Monday, April 14, 2008

Liver Cells - update and next class.

Report from the lab:

I hope you all enjoyed last week's class as much as I did! It was an excellent / complex / visceral procedure – that allowed us all to inherently grasp the bodyness and the food chain of the lambs livers – and their extrapolated existence as cells under the microscope and in the dish. I look forward to your comments and reflections during next class – and I am very curious to hear more from the objectors as well.

A resounding success – and a complete failure, where sterility is concerned. A number of you were able to isolate living cells, but pretty much every dish was contaminated with bacteria. You’re a dirty bunch! (just kidding) I went into the university to feed the cells on Sunday, and found one dish in particular that was hosting large fungal colonies – the rest were getting cloudy with bacteria. I had planned on keeping them alive in time for next week – but quite frankly I was worried about contaminating the incubator. So, I am sorry to report that all of the cells have been disposed off. They were packed in a biohazard bag, and left for autoclaving. Life is a violent process, even in the lab.


Other news…

I have a little homework assignment for everyone. On April 25 we will be doing a genetic modification of bacteria protocol. This process usually takes place in petri dishes (like we used in the first class.) However, we thought it may be interesting to use some alternative vessels. I am asking that you all bring in small vessels for next class (April 18th) that we can use for this lab. They must be small, made of a material that can be heat sterilized in an oven - and think of interesting shapes - transparencies - alternative uses.

8 comments:

Eveleen said...

hi all,

with regard to what we´ve been doing in tissue culture class i was thinking: is it not strange to kill an animal in order to extract living cells and do everything you can to keep those cells alive?

does anyone have thoughts about this?

second, i´m not so sure what materials can hold in a heat oven - i was thinking porcelain because i know it´s baked in high temperatures.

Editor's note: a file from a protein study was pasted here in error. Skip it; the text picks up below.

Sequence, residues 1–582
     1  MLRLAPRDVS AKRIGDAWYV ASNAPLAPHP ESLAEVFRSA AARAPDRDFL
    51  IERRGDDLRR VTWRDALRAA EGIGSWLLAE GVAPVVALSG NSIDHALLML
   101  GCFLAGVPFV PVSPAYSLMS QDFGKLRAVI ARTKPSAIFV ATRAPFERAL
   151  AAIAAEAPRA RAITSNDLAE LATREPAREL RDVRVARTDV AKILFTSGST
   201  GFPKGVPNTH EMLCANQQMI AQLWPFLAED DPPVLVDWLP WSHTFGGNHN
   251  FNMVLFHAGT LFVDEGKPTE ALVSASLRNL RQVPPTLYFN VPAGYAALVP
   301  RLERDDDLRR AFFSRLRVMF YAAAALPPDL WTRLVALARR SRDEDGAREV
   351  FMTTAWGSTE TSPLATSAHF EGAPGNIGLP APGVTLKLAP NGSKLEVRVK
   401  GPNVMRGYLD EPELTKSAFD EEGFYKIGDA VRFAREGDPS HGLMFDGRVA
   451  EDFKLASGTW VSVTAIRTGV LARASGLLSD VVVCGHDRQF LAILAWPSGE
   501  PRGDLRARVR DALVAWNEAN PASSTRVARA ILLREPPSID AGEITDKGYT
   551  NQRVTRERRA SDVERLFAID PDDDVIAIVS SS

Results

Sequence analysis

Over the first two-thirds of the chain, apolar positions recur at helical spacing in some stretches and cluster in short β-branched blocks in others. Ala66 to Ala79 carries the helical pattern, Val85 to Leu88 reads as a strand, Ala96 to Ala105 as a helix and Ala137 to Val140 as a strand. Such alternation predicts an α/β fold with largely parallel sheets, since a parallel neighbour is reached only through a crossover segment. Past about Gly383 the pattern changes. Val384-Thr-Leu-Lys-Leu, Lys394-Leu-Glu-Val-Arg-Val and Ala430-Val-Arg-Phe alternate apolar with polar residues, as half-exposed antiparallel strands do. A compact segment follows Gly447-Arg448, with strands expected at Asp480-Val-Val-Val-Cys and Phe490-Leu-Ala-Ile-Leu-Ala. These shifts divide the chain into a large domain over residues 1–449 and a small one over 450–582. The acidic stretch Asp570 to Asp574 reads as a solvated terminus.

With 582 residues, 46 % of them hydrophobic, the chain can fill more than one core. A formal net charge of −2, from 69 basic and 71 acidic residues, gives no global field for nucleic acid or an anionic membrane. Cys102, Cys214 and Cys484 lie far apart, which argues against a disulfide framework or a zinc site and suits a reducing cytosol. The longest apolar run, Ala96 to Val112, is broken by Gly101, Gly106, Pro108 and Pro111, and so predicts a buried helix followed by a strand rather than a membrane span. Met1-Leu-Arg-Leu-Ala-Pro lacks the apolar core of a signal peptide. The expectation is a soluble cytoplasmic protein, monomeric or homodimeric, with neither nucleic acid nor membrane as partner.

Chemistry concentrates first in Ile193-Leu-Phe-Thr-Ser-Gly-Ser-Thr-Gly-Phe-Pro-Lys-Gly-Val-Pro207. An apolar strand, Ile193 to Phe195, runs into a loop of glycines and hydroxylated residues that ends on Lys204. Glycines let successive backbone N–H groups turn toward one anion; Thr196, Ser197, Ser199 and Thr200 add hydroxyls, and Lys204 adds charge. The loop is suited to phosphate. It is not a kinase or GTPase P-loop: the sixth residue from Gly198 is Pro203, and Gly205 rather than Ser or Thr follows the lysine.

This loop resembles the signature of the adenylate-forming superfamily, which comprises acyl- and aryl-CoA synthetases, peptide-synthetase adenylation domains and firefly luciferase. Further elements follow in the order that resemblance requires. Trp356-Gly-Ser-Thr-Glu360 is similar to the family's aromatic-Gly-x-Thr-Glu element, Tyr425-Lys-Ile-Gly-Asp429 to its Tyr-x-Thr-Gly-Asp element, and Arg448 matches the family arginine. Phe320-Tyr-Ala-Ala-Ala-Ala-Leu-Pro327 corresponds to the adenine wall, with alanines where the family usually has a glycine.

see you later, cheers
Eveleen

J Willet said...

Hi Eveleen.
Good comment! Any other thoughts from other class participants? fruitful? futile? cruel? food?

And, Porcelain would work just fine - also glass, metal, any thing that is microwave, oven, or dishwasher safe.

J

Amalia Kallergi said...
This comment has been removed by the author.
Amalia Kallergi said...

Another question on the vessels:

How big can they actually be?
You see, I really really want to
bring a cage, but I'm not sure it
will do... (and wouldn't like to
buy it for nothing...)

So, what are the changes for
a (metal) cage filled with agar
and bacteria?

amalia

monica said...

what is the difference between a living animal and its living cells? is it not made of cells? what is an animal (or a human) exactly made of? isn't it a sort of reductionism?
mmmh I am still a bit confuse.
Anyway, as one of the objectors I would like to say that last lab was real strange because it seems to me really "surreal". it looks like working on a meal and not on a living being. it was not shocking at all.. barbeques at my house are more bloody. that allows us to have a clean conscience?
monica

J Willet said...

Hello. I missed the deleted comment! I am sad. I would like to know what you all think, even if we disagree!

In regards to the cage. We need to keep things relatively small - so that they can fit in the incubator - and we do not use too much agar. However, you could buy the cage - and save the receipt in case you have to return it!

I was thinking of having a BBQ at our outdoor lab. :)

Jennifer.

Amalia Kallergi said...

Sorry for the deleted comment,
it was exactly the same with my
other post, couldn't find an
edit option after posting :(

apologies!
amalia

laura boffi said...

Hi all,
last class was for me a new way to look at life and "living materials". i think that to understand and try to give an answer to what is actually happening in labs nowadays, we should get really involved in the practises, in the procedures and only later generate our own idea about the ethics of it. Maybe for me what bioart does is representing science and the questions it generates using its same tools (i mean science's tools), but focusing not on the good outcome of the experiment...but on the awarness, feelings that we experience during the workshop. That's why I feel still confused, but I feel I need to know more of the subject.
That's just my point of view.
See u tomorrow,
laura